On the first Saturday of May I went on a walking tour of Parliament Hill with Jaime Koebel and a whole bunch of other people. Jaime runs Indigenous Walks which she describes as, ‘A guided walk & talk through downtown Ottawa that presents participants with social, political, cultural & artistic spaces from an Indigenous perspective‘. This particular outing was included in the 2015 Jane’s Walk tours around the region. While gazing across the Ottawa (or Kitchissippi) River towards the Museum of History, Jaime mentioned three outdoor totem poles within the area that were carved by indigenous sculptures, along with a number of others on display within the museum. Here’s a 33km loop that visits all four sites along sections of five NCC multi-use paths for almost it’s entirety. I recommend this as an evening sunset ride, the reason for which will become obvious at the end of the post.
Our ride begins near the eastern tip of Victoria Island where stands this totem pole sculpted by Walter Harris of the Gitxsan First Nation in northern British Columbia.
I rode west, accessing the Ottawa River Pathway behind the War Museum, which I followed all the way to where it splits south along Pinecrest Creek Pathway.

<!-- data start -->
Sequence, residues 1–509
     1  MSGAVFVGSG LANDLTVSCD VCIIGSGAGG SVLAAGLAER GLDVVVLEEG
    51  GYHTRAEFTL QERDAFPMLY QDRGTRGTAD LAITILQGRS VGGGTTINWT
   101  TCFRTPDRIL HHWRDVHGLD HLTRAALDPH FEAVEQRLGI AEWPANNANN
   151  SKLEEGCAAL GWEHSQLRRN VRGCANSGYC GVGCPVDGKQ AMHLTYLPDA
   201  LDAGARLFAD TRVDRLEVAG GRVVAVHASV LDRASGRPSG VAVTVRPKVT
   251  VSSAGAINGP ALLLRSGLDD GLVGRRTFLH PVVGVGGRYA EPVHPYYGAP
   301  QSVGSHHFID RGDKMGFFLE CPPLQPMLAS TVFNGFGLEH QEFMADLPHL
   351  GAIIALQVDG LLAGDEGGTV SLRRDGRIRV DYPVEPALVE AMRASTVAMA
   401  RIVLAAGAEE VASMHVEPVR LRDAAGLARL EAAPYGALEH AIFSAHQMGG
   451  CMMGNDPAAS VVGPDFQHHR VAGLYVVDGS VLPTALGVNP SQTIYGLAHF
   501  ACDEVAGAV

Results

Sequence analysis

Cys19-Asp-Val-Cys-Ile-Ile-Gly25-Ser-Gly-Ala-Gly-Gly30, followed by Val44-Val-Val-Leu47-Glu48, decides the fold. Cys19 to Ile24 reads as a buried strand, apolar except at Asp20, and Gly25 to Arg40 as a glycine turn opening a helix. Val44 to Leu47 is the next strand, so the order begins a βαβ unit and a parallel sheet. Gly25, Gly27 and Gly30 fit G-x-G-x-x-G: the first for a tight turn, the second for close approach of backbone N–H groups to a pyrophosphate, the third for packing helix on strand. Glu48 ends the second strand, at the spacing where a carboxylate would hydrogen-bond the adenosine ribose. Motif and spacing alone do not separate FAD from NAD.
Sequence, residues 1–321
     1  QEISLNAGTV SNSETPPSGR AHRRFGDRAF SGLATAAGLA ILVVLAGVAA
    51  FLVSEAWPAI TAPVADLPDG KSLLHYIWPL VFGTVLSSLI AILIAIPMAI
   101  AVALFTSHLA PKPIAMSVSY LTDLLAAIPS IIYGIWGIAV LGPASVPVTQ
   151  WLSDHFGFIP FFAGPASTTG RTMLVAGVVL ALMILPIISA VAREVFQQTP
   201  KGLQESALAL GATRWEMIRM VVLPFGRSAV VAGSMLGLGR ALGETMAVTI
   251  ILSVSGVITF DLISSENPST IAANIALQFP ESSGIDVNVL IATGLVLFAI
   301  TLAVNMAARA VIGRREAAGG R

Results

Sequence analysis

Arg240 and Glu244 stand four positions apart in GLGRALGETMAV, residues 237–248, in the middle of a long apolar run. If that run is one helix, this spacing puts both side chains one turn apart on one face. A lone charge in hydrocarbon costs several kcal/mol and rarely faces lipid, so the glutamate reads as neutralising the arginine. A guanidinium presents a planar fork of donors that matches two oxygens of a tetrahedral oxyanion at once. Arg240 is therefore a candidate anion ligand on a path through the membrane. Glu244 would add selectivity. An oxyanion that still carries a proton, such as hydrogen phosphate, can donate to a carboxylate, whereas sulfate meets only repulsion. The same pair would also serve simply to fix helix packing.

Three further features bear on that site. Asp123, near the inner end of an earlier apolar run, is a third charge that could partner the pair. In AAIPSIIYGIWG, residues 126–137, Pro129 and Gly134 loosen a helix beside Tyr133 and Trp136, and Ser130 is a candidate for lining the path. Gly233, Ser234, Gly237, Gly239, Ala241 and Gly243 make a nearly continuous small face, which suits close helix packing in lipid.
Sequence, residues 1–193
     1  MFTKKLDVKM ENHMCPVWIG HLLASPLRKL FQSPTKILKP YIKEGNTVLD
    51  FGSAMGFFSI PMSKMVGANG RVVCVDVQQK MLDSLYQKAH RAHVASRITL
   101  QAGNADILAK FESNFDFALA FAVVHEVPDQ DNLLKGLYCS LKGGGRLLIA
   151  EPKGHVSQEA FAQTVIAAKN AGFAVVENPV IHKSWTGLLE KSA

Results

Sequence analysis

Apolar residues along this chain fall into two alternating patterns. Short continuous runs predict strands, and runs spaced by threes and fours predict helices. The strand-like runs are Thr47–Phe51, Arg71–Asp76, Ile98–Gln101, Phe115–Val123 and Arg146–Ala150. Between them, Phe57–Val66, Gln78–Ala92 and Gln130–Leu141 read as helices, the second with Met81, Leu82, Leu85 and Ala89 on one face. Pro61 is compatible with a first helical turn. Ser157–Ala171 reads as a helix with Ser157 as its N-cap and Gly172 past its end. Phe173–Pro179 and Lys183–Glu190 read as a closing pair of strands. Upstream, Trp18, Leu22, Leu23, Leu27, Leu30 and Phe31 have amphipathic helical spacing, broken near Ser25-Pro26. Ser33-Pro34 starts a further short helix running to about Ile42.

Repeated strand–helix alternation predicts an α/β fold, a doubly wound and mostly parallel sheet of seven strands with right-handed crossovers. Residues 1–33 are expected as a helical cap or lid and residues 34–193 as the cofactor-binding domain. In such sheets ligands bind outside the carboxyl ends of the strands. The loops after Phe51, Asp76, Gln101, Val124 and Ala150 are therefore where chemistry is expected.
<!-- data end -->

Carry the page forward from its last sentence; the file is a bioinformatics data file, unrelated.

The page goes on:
I rode the length of the Pinecrest Creek Pathway to Woodroffe Avenue.
On the south side of Woodroffe the path continues as the Experimental Farm Pathway.
On the south side of Maitland the path weaves it’s way up through a wooded area.
The second totem pole on our tour is located in front of the Scouts Canada National Office on Baseline Road. To get there I turned off the pathway and cut through a residential area along paths and quiet roads as shown on the above map.
This totem was carved by Chief Mungo Martin, a Kwakwaka’wakw carver from British Columbia. It was acquired by the Boy Scouts in 1960.
I then headed back to the Experimental Farm Pathway which runs along farmed fields east of Merivale Road. Sections of the pathway east of Fisher follow along quiet roads through the farm.
I crossed Prince of Wales Drive at the signalized crosswalk and headed over to the Rideau Canal locks beside Carleton University. I crossed the locks and biked down the Rideau Canal Eastern Pathway towards downtown.
I re-traversed the canal at the Somerset pedestrian bridge and headed over to Confederation Park to visit the third totem pole along the tour, sculpted by Henry Hunt also of the Kwakwaka’wakw and apprentice of Mungo Martin.
Next stop – the Grand Hall of the Museum of History. To get there I rode down beside the canal and across the second to last set of locks.
I then rode up the paved path from the river and crossed the Alexandra Bridge.
Here’s why I think this is a great evening ride – as the sun sets a vista of totem poles within the Grand Hall of the Museum of History become visible from outside the large windows.
Here are views of these majestic sculptures as seen from outside as well.
To complete the loop I rode along the Voyageurs Pathway beside the river, then halfway across the Portages Bridge back to Victoria Island.